The smartest destination in Sardinia is the Costa Smeralda, the ’emerald coast’. This beautiful stretch of coastline at Sardinia’s north-east corner was developed in the 1960s by wealthy investors including the Aga Khan. Every summer gossip magazines are full of photos of Italian and international ‘celebrities’ partying, swimming or hanging out on huge yachts in Porto Cervo and the other exclusive resorts of the Costa Smeralda.
Sardinia isn’t all glitz, though. The island has many beaches and stretches of coast which are largely unspoiled and plenty of down-to-earth towns and resorts. Lagoon, island and mountain habitats all feature among the region’s nature reserves, where you can see a wide range of wildlife including flamingoes, golden eagles, mountain goats and wild white donkeys.
Airports and travel
Sardinia has three international airports: Alghero, Olbia and Cagliari. All three are served by flights from the UK, although services are reduced considerably in the winter. British Airways and Easyjet both fly to Sardinia’s capital Cagliari. Ryanair fly to Alghero and Easyjet to Olbia. These three airports make Sardinia, in the summer months at least, very accessible. The airports are all very close to the towns they serve, and connected by public bus services.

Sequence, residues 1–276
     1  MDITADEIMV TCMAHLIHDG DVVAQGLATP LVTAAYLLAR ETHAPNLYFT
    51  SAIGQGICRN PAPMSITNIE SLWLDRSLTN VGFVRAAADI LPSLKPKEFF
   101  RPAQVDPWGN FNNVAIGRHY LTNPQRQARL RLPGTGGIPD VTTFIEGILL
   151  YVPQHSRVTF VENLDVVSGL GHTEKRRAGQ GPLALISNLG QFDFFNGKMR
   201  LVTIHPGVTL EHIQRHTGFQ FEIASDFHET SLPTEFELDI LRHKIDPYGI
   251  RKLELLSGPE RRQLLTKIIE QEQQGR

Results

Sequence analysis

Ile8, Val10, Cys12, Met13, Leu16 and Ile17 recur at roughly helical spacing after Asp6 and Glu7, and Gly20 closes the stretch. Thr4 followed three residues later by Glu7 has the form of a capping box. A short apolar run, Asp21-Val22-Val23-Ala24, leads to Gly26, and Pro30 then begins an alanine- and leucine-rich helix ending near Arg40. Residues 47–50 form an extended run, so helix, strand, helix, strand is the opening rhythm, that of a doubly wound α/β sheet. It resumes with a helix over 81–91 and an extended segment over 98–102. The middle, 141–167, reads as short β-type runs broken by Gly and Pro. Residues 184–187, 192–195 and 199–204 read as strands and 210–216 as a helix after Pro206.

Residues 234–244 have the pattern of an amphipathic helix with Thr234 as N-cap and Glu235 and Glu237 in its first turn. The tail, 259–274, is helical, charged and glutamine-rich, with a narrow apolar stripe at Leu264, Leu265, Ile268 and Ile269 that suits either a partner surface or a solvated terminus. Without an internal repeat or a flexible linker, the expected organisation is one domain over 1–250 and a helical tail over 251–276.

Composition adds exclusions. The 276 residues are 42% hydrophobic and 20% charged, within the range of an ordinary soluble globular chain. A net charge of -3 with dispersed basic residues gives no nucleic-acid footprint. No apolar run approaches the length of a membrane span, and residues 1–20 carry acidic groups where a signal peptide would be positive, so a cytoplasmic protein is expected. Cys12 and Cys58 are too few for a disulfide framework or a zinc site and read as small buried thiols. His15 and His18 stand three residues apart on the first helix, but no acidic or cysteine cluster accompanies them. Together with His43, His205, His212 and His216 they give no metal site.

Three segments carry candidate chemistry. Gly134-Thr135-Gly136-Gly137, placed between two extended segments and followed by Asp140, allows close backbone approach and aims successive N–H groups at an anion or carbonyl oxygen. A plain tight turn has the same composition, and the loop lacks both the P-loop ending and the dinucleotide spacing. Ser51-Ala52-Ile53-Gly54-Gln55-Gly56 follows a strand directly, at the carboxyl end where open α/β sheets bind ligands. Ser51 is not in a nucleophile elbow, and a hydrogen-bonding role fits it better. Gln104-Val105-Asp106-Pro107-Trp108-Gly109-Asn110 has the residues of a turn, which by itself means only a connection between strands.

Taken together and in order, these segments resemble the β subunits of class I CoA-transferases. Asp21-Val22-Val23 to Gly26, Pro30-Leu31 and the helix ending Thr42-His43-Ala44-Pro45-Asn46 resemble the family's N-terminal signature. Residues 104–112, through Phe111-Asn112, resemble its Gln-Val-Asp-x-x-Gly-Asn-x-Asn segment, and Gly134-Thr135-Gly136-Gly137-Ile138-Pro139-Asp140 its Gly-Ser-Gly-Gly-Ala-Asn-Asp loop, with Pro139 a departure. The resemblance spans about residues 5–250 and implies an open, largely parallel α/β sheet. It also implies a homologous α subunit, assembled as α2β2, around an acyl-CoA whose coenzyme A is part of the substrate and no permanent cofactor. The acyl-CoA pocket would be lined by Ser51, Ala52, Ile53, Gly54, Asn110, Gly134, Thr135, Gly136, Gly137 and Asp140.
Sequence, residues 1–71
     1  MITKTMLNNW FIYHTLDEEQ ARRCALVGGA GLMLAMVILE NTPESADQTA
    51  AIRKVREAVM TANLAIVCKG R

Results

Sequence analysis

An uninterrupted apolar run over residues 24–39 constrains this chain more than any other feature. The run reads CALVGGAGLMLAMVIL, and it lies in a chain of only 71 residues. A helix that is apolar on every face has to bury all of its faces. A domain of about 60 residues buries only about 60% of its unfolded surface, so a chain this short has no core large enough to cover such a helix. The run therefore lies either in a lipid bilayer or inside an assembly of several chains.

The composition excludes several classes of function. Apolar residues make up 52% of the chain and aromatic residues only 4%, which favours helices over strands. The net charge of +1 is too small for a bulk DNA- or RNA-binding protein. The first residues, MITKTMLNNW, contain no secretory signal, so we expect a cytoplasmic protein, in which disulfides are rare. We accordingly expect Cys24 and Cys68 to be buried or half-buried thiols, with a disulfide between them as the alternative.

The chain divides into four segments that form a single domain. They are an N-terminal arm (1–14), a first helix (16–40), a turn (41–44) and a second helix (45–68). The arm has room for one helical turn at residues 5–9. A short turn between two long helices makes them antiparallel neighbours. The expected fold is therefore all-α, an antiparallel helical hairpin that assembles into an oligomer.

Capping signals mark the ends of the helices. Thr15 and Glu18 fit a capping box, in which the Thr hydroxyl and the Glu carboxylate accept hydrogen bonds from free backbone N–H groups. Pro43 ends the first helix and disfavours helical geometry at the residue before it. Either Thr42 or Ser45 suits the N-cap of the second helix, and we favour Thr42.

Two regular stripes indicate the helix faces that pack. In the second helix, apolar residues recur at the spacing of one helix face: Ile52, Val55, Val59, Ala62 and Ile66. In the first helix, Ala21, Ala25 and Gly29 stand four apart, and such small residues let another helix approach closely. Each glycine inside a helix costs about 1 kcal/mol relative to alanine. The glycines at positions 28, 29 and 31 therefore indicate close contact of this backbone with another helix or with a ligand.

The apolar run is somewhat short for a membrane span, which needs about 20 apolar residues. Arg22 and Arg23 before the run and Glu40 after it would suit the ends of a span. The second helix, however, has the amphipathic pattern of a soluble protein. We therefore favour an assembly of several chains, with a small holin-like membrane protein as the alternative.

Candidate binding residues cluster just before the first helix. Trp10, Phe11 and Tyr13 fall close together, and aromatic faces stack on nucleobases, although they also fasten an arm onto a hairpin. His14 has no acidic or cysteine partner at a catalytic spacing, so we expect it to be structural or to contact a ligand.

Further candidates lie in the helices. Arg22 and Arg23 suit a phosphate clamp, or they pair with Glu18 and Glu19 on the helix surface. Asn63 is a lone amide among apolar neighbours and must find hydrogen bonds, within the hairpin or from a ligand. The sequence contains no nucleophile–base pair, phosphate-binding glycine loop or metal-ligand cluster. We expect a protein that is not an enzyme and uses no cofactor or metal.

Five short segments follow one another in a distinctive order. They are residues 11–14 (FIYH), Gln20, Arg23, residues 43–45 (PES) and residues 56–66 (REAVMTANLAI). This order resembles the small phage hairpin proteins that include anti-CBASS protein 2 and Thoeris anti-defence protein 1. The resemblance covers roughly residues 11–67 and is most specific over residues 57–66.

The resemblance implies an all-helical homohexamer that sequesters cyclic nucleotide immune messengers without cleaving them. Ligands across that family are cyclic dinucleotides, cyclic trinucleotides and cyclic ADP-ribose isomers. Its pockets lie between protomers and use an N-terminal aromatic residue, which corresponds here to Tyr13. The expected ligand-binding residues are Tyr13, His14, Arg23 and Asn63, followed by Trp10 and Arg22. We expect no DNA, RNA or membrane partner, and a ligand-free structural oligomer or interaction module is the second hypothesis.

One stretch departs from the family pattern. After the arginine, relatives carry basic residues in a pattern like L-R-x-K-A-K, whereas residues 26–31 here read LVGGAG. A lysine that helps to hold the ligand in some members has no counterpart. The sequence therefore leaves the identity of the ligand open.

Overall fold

Ferries connect the island to mainland Italy, and if you prefer not to fly, you could travel by train via Paris to Genoa or Livorno and then catch a ferry.
Sardinia is best explored by car, as the island’s prehistoric archaeological sites and glorious beaches are scattered and often remote. However, the island’s towns are connected by trains and buses, and with a bit of research it is possible to enjoy a rewarding holiday using public transport. In the summer steam trains operate on some of Sardinia’s scenic trenino verde (‘little green train’) routes.